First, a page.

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Archive for Thursday, February 21, 2002

Right tools and techniques help make gardening easier

February 21, 2002

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— Gardening is not for sissies, but as baby boomers age, it's getting easier.

From kneepads for arthritic joints to lightweight ladders and carts for ache-prone backs, there are a growing number of gadgets to reduce wear and tear.

David McLean, who teaches horticulture at Broward Community College
in Florida, elevates his garden hose on PVC pipe, which lets him
turn the water on and off without bending to the ground.

David McLean, who teaches horticulture at Broward Community College in Florida, elevates his garden hose on PVC pipe, which lets him turn the water on and off without bending to the ground.

And gardeners of any age can benefit from smart techniques. For example, you can save yourself a trip to the trash pile by weeding and edging before you mow and cutting over the debris with the mower.

We asked David Bar-Zvi, curator of herbaceous plants (gingers, heliconias and such) at Fairchild Tropical Garden; David McLean, landscape designer and horticulture technology teacher at Broward Community College; and Pat Clarke, director of the southeastern district of the Florida Federation of Garden Clubs, for easy-gardening advice.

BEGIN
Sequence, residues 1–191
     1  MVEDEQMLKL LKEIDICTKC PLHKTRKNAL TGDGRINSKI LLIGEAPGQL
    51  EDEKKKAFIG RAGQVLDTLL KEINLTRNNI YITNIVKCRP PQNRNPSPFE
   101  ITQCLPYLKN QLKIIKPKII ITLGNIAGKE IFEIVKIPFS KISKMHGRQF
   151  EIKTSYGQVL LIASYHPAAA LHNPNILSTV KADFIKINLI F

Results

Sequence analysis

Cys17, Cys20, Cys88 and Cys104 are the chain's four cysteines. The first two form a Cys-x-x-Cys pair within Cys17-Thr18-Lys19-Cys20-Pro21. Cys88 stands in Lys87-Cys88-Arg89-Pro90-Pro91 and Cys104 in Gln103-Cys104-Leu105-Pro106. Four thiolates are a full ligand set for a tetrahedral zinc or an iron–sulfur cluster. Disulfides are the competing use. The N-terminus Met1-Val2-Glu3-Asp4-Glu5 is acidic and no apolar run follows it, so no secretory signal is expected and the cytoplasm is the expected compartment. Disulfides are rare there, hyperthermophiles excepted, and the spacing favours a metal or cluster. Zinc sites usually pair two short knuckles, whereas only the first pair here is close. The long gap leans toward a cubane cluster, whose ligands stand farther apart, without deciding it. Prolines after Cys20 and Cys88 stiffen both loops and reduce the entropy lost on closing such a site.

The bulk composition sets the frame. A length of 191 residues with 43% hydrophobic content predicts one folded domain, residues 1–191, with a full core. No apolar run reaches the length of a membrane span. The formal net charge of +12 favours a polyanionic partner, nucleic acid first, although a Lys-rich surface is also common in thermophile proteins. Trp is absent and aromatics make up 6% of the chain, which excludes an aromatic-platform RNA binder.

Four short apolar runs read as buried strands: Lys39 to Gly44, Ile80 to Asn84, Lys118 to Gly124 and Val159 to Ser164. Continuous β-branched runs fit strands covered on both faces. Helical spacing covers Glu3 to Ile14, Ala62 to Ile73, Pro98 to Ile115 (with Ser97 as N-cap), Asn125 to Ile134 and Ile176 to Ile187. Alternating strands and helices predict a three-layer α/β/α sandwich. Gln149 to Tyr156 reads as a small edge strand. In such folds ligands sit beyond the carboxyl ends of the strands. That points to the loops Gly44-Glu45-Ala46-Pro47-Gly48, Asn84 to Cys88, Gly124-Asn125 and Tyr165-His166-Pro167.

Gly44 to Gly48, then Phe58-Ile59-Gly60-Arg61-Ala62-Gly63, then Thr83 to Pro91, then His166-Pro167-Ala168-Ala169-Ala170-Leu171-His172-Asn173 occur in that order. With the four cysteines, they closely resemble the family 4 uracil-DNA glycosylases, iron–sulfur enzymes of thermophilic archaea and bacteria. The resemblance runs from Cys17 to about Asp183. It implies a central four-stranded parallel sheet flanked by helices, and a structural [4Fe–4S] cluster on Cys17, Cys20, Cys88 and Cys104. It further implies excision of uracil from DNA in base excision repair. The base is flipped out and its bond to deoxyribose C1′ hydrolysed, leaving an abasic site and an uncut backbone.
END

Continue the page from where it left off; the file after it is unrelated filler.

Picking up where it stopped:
Go easy on yourself

"One of the best things I have for an investment of $15 is kneepads," Bar-Zvi says. "You strap them on. One size fits all, and you don't have to shlep them around and lose them. You can kneel anywhere in the garden."

McLean recommends making flower and ground cover beds higher than pathways for easier weeding. (Use pressure-treated wood for walls and line them with plastic, or just mound up the soil.)






Knight Ridder NewspapersEasy gardening begins at the planning stage. Landscape architect Raymond Jungles offers these tips:Take a good look at gardens in your neighborhood to see what grows well. "You probably will have the same soil or rock conditions, and you can see what thrives under those conditions."Know your plants, their needs and growth characteristics. "You don't want to plant something you like at eight feet when it eventually will reach 40 feet." Research the sun, shade and moisture requirements. "Put the right plant in the right place and you can avoid the unnecessary energy of pruning.""Try to use things that don't need a lot of spraying and fertilizing. I like native plants, such as thatch palms and saw palmettos, native shrubs ... there are so many great natives out there."

A plastic crate, available in office supply and container stores, makes a good moveable seat when working in those flower beds. Or turn it right side up and use it as a tote for big weeds (little ones will fall through the bottom).

There's also a wheeled gardening seat on the market, Clarke says, that you can scoot along as you weed or pull like a little wagon.

A child's red wagon makes a handy cart for hauling hand tools, bags of fertilizer or mulch or potted palms to be planted. It's also great to take to plant sales.

McLean suggests pruning more often so you have less to drag to the trash pile. When possible, cut the debris into small pieces and leave it to act as mulch.